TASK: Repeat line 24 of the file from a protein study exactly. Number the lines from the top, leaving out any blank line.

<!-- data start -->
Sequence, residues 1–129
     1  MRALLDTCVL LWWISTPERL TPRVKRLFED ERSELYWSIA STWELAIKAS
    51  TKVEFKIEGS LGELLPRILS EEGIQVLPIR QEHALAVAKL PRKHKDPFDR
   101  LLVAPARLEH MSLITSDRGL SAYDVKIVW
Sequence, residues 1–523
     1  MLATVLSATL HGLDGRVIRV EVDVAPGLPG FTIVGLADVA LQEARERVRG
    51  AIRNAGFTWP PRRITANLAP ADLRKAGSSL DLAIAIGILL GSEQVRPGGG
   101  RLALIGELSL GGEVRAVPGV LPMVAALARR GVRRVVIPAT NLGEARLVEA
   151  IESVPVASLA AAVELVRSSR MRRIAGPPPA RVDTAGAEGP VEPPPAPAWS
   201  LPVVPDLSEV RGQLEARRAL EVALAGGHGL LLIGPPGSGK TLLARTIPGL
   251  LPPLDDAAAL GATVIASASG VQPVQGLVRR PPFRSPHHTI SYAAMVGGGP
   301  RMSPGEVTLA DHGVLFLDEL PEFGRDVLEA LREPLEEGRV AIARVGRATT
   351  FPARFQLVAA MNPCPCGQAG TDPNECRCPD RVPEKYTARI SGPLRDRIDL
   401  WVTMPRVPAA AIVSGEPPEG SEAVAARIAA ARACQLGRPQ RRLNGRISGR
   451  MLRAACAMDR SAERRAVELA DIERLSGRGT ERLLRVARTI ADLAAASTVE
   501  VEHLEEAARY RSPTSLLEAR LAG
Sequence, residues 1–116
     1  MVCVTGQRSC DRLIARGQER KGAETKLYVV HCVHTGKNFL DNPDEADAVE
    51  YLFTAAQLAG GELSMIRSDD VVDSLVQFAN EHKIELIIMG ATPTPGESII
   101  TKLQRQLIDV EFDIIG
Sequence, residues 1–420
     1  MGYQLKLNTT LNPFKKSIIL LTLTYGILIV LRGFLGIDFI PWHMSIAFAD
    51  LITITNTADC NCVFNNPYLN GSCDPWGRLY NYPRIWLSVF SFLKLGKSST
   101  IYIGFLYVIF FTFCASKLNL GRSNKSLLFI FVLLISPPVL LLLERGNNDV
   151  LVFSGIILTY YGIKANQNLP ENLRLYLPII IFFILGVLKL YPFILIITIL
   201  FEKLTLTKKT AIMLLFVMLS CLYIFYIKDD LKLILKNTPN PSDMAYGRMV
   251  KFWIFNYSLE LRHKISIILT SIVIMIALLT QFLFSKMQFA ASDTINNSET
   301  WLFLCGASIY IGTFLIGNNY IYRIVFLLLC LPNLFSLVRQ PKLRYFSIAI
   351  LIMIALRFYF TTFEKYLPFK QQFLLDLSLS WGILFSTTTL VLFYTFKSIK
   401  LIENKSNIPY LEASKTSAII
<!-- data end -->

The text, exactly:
   101  IYIGFLYVIF FTFCASKLNL GRSNKSLLFI FVLLISPPVL LLLERGNNDV